AMcC

Image from Saint David’s Cathedral, Pembrokeshire.

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8 May: Jean Vanier has died.

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Here is the official announcement of the death of Jean Vanier, the founder of L’Arche and of  the Faith and Light movement.


l'arche boatDear friends,

We are deeply saddened to announce the passing
of Jean Vanier.
Jean passed away peacefully today Tuesday,
May 7 at 2:10 am in Paris surrounded by some
relatives. In recent days, while remaining very present,
he had quickly declined.
We all know Jean’s place in the history of L’Arche
and Faith and Light and in the personal stories of
a great many of us. Jean’s life has been one of exceptional
fruitfulness. First and foremost we wish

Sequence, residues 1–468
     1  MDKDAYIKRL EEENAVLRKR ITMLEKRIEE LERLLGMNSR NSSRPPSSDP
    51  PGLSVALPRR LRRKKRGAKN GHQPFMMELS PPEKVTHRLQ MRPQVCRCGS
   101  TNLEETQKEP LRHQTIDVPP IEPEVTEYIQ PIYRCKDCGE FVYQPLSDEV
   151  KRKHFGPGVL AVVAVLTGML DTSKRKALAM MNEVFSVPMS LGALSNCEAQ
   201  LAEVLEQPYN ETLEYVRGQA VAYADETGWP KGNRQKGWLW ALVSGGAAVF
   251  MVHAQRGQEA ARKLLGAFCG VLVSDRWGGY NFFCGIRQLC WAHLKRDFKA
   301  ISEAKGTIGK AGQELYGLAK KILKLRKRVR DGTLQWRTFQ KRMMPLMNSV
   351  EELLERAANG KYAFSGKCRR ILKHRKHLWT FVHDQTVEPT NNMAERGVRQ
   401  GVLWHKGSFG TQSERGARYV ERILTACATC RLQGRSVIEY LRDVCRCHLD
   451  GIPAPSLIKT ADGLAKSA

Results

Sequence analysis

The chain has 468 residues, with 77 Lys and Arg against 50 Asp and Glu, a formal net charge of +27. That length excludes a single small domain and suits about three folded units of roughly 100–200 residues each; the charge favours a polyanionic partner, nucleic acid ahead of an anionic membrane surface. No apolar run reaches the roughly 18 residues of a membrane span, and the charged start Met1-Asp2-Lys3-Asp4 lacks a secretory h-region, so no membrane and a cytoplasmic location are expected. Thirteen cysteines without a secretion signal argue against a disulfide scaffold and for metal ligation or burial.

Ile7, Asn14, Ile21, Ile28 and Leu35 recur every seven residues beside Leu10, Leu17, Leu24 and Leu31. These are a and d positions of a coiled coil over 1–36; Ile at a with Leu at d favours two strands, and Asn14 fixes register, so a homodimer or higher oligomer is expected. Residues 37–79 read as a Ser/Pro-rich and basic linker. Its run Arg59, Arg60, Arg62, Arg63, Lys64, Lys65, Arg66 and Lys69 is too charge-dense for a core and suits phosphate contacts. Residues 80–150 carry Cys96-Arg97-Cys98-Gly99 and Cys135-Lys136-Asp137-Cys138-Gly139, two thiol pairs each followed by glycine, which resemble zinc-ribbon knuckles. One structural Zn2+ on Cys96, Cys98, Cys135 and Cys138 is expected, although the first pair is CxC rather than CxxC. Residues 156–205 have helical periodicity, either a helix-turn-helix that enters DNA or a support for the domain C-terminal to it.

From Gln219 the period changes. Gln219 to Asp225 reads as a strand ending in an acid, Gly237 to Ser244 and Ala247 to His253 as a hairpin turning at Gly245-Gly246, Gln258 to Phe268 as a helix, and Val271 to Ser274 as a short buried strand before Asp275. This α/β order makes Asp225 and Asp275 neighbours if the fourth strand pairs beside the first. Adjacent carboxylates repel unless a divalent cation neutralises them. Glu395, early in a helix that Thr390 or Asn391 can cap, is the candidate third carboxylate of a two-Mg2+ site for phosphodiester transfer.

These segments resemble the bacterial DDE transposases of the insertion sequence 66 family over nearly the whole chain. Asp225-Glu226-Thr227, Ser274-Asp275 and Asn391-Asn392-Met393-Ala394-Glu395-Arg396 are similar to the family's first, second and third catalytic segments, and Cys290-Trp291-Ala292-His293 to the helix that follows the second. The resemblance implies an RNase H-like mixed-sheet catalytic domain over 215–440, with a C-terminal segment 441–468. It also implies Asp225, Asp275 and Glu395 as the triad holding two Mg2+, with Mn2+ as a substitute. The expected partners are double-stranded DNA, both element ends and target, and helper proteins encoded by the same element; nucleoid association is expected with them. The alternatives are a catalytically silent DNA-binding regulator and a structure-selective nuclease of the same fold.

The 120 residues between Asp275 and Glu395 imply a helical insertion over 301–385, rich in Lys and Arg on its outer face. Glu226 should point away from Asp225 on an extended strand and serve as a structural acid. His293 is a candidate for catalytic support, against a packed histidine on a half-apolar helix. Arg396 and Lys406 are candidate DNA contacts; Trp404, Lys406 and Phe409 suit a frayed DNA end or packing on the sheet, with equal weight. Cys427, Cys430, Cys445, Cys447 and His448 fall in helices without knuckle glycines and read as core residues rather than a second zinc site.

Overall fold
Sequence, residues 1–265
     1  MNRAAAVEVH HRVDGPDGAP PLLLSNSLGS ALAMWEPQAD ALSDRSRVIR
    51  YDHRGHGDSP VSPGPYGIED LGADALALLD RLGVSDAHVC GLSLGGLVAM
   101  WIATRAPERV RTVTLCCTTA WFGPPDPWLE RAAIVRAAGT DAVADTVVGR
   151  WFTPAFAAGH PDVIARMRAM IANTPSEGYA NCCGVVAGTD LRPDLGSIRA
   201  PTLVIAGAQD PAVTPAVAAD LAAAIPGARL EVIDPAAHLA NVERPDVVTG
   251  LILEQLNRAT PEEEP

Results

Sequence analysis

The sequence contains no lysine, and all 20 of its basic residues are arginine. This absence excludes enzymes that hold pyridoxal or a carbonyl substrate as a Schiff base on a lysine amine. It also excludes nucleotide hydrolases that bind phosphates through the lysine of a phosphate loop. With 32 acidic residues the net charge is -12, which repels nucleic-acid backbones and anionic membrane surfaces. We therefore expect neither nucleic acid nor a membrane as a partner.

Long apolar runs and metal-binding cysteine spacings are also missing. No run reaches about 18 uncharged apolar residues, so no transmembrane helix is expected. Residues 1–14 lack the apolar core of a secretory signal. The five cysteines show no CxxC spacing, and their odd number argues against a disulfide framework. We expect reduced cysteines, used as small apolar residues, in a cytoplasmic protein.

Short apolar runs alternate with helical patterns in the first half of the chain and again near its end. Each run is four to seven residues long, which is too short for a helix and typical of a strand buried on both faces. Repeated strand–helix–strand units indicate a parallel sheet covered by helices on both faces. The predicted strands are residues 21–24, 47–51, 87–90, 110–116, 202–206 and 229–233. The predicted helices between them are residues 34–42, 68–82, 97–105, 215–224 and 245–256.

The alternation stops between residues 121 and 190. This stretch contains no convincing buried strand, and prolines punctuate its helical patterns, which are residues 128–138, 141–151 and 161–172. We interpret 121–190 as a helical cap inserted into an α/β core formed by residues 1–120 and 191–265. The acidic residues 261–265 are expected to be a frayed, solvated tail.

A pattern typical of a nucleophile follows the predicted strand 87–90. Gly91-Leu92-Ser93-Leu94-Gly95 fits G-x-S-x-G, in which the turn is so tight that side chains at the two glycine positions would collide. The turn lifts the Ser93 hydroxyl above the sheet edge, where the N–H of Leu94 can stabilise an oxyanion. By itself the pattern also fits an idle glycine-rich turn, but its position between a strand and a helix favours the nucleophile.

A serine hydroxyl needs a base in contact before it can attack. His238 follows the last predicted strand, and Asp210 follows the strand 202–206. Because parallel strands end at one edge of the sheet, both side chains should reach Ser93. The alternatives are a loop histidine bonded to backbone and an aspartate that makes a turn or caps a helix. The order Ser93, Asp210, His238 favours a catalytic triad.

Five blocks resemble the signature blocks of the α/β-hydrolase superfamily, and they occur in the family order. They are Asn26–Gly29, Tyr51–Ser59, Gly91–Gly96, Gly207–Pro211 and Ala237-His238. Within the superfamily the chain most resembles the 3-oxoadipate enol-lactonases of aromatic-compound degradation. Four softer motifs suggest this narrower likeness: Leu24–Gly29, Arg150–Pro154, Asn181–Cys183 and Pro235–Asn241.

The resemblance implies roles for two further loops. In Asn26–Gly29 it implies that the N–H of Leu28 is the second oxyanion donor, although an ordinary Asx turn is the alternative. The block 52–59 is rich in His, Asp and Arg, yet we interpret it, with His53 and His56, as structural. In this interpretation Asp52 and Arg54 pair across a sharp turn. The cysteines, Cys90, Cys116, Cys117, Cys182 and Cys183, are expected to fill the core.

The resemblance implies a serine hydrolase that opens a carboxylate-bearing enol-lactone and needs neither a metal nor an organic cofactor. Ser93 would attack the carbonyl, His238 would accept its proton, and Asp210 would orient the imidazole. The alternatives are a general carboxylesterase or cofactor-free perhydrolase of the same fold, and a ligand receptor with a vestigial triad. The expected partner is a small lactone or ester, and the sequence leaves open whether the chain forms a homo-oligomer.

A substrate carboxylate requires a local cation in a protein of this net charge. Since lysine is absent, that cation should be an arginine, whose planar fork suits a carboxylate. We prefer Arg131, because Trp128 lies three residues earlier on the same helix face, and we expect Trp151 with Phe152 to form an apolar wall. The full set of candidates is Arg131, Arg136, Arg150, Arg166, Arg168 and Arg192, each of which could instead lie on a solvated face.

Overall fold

to give thanks for that.
His funeral will take place in his community at
Trosly.
This will be a private ceremony for his community,
close friends and family and representatives
of the Federation of L’Arche as well as of Faith
and Light. All those involved will receive a personal
invitation, but the celebration will be filmed
and broadcast live in order that each one of you
can share this moment.
A second announcement will reach you very
soon, providing more details on how the events
will unfold. You can also find the information on
the website JeanVanier.larche.org, where you
may want to post a message or a testimonial.
In his last message, a few days ago, Jean said :
«I am deeply peaceful and trustful. I’m not sure
what the future will be but God is good and
whatever happens it will be the best. I am happy
and give thanks for everything. My deepest love
to each one of you».

Stephan Posner and Stacy Cates-Carney,
L’Arche International Leaders
Jean Vanier
L’Arche International – 07.05.2019 –



An obituary can be found on The Tablet website.